Mode of action of infrared heaters
Infrared heating mode of operation
More than just hot air: differences between conventional heating systems and IR heaters
Conventional heating systems, such as heat pumps, pellet stoves, gas or oil heating work on the principle of convection heat. Convection heat works by first heating the air, which as a result warms the people in the room. This process creates an uncomfortable indoor air climate due to high heating air temperatures, air movement and uneven layers of warm and cold air. In addition, when doors and windows are opened, the heated room air is quickly replaced by cool, fresh air, which means that it has to be reheated after each airing – an inefficient and, above all, costly heating concept that, on top of everything else, only generates noticeable heat after longer heating periods. In addition, the air is dried out by the heating in convection heating systems and the low humidity leads to a constant distribution of dust particles and thus to an increased dust load, which can be particularly problematic for elderly and sensitive people and allergy sufferers.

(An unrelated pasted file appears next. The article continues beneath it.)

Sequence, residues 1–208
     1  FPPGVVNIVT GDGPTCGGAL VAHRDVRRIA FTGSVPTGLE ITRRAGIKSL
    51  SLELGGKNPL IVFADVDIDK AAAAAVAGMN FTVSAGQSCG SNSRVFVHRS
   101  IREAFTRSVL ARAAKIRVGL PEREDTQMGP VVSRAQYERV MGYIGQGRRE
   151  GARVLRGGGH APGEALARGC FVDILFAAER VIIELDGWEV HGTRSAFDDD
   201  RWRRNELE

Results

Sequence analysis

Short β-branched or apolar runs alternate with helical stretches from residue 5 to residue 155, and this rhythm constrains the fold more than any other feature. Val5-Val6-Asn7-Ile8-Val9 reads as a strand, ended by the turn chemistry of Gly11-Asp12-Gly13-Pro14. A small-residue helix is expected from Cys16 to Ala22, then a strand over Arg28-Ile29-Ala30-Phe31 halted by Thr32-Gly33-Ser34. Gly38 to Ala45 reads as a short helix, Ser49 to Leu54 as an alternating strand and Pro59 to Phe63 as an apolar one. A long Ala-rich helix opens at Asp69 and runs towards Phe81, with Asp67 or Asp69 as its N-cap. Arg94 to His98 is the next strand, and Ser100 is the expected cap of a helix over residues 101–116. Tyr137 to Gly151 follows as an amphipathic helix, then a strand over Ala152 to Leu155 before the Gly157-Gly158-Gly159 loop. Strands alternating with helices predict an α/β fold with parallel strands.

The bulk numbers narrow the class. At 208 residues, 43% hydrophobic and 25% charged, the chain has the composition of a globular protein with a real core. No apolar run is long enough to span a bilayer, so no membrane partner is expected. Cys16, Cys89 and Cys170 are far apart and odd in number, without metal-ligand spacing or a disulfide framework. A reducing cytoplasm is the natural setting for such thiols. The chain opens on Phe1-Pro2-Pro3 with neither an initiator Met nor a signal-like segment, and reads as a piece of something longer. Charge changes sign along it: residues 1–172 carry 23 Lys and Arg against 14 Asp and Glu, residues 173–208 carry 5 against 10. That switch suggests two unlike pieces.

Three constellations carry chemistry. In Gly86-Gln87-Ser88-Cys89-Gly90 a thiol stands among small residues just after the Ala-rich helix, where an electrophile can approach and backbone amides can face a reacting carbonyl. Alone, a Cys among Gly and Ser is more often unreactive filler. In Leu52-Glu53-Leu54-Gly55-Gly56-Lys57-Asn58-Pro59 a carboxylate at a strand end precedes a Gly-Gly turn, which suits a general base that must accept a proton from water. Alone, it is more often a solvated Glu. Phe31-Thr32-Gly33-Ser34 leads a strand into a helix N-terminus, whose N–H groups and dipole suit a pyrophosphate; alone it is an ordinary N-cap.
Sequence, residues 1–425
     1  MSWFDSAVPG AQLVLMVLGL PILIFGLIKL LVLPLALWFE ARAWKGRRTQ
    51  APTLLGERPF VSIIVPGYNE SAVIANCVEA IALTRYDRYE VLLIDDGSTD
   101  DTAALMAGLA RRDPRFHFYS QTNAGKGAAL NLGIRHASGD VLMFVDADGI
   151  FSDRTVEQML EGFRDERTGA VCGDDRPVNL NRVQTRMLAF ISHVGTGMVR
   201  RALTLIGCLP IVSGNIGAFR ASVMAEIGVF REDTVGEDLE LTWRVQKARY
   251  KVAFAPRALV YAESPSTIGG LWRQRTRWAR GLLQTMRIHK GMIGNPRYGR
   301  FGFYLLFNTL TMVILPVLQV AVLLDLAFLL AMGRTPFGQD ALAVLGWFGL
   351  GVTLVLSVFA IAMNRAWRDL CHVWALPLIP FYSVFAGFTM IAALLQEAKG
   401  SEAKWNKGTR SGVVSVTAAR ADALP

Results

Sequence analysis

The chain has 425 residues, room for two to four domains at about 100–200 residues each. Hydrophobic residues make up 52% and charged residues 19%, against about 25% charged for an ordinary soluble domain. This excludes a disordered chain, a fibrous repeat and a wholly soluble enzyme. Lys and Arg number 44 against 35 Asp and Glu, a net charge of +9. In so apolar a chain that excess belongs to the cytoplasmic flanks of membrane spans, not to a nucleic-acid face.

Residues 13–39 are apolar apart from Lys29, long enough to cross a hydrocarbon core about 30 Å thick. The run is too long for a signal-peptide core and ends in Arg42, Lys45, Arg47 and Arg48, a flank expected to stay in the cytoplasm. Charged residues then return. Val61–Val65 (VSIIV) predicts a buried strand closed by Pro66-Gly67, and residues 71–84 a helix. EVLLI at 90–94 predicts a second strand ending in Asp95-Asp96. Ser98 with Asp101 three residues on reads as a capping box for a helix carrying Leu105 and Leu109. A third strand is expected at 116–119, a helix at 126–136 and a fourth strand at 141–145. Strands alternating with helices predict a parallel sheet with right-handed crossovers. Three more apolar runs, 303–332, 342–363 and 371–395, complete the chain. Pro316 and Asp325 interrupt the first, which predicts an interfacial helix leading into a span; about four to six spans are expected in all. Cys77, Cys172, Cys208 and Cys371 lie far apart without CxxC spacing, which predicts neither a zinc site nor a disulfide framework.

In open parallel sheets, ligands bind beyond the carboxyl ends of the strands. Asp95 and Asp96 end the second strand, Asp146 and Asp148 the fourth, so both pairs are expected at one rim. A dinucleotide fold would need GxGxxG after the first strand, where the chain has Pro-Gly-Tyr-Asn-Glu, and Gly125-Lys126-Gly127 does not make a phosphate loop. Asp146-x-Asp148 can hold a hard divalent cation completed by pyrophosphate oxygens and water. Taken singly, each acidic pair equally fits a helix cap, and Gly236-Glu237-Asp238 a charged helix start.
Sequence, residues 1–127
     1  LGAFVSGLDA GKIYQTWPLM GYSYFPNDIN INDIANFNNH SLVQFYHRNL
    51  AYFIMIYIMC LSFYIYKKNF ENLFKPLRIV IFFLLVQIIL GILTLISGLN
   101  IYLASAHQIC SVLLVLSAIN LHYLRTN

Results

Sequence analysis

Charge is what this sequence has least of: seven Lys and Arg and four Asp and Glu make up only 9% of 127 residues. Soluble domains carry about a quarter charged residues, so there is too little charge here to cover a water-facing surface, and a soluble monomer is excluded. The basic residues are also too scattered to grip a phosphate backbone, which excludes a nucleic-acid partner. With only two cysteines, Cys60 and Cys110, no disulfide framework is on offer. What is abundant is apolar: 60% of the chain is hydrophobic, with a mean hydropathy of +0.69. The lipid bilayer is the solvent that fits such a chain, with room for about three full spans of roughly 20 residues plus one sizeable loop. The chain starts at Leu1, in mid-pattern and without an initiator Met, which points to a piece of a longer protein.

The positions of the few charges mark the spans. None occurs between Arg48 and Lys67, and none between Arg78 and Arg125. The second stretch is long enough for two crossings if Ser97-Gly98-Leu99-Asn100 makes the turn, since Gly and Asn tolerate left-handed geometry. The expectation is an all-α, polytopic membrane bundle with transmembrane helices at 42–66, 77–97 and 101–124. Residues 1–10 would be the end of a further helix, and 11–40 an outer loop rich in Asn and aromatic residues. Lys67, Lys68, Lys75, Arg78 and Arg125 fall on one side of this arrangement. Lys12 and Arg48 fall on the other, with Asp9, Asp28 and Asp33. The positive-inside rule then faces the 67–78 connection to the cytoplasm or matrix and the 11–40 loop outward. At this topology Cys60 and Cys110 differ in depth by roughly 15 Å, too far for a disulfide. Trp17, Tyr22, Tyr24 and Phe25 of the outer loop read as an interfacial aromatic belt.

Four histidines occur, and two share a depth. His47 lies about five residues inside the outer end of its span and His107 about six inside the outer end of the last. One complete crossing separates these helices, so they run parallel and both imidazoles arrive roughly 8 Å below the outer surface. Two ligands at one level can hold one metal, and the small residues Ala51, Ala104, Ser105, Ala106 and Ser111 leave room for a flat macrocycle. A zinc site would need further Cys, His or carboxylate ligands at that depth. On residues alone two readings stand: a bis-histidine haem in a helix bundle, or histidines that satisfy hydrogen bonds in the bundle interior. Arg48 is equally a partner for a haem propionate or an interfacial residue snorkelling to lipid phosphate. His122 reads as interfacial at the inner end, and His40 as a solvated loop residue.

And how does an IR heater work?
Disadvantages of convection heating
- High acquisition costs
- Ongoing maintenance costs
- Lower life expectancy and very expensive to replace
- Additional electricity and other utilities such as chimney sweep service, etc.
- Unfavorable temperature distribution in the room (cold on the floor, hot under the ceiling)
- High energy loss due to high ventilation losses (30-40%) and thus additional heating costs
- Unhealthy indoor climate due to high dust generation and drier air
- Additional space requirement for storage of e.g. pellets, oil etc.
- Enormous heat loss due to heat generation in an external room (therme in other room).
- Often unappealing design